the remainder of the year.

(3) The scope of the Implementation Review Unit's work will cover all

policies and procedures affecting the workload of s chools and

teachers, and all organisations that impact on schools in England.

This will include DfES, national agencies such as Ofsted, QCA and

TTA, as well as local education authorities and learning skills

councils, and relevant bodies from outside the education sector.

(4) IRU panel members' role will be:

a) Attend panel meetings, normally on a quarterly basis but more

frequently during the start-up phase in 2003, and bi-annual meetings

with DfES ministers. Operate as a virtual panel by email between

face-to-face meetings

b) Contribute to the development and delivery of a programme of work

to review the implementation of existing policies

c) Contribute to the development of comprehensive and robust systems

to assess the implications of new policies for people who work in

schools, before such policies are introduced

d) Review impact assessments of new policies for the reasonableness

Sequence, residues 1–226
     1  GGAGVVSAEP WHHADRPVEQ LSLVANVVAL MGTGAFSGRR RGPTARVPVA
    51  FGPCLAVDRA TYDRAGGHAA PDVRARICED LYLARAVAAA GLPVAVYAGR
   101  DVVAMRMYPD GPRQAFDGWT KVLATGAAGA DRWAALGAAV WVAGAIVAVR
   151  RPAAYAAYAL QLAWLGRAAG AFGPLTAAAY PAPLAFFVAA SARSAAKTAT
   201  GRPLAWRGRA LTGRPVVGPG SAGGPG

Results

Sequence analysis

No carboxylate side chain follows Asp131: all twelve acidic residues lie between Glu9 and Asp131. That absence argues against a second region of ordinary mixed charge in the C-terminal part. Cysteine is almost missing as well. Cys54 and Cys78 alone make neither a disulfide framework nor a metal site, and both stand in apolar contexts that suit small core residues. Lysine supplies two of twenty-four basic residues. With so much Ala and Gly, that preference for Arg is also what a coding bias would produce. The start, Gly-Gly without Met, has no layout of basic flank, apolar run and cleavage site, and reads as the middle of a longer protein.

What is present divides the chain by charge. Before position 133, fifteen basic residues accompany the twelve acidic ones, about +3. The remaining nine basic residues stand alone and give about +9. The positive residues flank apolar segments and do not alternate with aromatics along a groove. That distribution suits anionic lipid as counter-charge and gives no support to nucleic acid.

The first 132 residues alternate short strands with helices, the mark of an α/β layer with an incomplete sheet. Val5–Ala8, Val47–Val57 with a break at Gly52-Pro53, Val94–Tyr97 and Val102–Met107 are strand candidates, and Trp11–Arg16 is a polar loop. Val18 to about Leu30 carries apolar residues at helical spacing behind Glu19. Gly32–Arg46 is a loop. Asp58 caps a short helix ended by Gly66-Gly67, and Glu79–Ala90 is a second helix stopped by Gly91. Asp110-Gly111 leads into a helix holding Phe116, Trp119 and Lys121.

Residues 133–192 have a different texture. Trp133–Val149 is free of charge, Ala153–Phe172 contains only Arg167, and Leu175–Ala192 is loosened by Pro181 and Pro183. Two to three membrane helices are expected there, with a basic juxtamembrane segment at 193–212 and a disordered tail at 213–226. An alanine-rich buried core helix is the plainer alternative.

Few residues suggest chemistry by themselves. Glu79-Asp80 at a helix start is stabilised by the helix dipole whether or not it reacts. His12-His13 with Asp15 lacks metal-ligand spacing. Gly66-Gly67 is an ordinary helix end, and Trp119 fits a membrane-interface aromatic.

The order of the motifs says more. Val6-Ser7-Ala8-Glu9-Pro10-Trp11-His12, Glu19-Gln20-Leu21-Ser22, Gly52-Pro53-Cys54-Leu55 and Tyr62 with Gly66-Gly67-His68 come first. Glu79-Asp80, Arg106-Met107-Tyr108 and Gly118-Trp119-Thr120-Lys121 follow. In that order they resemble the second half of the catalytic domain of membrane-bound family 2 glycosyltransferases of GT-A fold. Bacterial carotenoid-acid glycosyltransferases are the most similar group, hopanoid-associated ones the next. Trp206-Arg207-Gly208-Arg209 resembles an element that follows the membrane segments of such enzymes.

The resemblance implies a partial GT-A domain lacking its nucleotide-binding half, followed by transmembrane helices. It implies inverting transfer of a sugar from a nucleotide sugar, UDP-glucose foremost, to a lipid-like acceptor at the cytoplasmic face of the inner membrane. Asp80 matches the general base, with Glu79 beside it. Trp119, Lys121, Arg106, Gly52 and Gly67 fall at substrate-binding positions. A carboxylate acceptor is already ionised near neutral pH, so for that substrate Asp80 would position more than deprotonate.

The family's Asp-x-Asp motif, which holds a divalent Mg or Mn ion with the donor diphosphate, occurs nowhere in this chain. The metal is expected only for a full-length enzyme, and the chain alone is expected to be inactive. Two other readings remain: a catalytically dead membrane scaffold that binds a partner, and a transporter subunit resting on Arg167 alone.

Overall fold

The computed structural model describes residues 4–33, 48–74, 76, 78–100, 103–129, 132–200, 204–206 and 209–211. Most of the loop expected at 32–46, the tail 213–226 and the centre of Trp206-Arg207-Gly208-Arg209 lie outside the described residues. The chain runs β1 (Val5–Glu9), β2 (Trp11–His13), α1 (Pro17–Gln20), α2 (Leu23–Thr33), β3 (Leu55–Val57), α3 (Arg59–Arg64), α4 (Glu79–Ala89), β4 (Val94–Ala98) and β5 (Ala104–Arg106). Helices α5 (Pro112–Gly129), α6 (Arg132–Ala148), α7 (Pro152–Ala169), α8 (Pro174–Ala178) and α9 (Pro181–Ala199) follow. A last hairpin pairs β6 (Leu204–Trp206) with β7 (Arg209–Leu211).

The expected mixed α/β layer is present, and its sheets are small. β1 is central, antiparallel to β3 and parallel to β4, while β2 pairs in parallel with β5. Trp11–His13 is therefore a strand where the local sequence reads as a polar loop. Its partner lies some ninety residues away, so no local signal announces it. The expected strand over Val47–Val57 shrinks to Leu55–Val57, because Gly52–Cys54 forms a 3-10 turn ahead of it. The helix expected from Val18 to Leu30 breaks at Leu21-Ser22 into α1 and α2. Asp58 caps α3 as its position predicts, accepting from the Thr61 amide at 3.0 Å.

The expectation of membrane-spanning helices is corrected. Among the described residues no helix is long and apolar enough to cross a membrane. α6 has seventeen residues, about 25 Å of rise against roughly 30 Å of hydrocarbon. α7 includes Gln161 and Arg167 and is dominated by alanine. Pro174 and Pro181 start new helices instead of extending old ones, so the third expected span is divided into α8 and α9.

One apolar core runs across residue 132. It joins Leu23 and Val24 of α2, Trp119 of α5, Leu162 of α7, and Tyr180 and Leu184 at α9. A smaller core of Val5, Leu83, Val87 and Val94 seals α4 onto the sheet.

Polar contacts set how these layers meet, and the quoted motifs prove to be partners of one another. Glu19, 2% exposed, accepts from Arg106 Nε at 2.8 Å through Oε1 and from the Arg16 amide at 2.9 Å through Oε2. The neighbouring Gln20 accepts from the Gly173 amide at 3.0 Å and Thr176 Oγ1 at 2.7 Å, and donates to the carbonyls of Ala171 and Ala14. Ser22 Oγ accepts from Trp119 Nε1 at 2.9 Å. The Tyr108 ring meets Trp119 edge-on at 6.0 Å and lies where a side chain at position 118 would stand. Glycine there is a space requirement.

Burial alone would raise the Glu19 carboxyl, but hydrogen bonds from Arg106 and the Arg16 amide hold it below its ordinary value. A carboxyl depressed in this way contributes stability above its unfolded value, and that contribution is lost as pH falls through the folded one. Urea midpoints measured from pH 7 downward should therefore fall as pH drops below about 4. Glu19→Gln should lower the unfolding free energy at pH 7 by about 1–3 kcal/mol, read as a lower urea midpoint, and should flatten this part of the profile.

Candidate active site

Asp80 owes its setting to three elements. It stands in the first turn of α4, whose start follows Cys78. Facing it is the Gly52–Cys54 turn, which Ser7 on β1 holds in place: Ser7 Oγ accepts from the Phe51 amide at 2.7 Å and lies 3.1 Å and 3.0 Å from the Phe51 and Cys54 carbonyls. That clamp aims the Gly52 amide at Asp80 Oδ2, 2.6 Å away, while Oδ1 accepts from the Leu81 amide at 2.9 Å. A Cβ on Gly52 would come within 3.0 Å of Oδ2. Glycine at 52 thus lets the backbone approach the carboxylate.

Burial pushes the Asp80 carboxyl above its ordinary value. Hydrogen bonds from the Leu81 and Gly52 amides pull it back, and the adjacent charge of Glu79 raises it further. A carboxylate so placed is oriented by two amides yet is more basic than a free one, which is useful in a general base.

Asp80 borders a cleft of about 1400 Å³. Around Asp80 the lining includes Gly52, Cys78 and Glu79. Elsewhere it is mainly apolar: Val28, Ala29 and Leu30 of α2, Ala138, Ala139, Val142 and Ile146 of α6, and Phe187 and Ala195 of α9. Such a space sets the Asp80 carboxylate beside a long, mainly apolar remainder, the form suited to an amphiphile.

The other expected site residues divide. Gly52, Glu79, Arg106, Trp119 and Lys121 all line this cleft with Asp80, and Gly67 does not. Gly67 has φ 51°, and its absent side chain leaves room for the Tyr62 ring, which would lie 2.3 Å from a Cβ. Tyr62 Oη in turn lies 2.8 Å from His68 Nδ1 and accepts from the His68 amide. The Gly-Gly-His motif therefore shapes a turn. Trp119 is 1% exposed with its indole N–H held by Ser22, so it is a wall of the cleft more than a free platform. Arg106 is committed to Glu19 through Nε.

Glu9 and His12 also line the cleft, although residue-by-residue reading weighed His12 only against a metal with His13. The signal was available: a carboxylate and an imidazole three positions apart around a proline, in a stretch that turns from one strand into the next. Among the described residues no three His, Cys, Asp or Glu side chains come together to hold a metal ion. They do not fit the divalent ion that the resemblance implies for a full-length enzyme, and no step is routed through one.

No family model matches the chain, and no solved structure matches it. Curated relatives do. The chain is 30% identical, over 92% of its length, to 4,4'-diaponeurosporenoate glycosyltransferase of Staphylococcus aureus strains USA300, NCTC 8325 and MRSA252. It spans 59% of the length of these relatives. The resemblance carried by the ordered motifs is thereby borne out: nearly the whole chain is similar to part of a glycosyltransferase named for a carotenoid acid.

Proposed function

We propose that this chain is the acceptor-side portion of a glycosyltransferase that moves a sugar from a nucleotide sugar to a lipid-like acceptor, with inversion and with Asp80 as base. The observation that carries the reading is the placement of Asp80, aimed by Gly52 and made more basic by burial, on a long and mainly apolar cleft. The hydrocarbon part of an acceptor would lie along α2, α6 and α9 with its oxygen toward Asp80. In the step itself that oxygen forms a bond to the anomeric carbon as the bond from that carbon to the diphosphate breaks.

of assumptions and timing of introduction, adequacy of consultation

with interested parties, and quality of guidance

e) Receive reports on the operation of gatekeeper arrangements

established in DfES and other organisations

f) Bring up concerns about bureaucracy identified in the field and

comment on the handling of representations made to the unit by other

organisations and individuals

g) Represent the Unit publicly as champions of reducing bureaucracy

for schools

h) Contribute to and sign off the unit's annual report

i) Oversee and prioritise the work done by the unit secretariat In

their own schools and regions, panel members will:

j) Maintain a log of demands made on their individual school

k) Visit other schools and LEAs in their region to register concerns

about existing or anticipated bureaucratic burdens, and examples of

good practice

l) Attend LEA and heads' meetings, consult with other members of the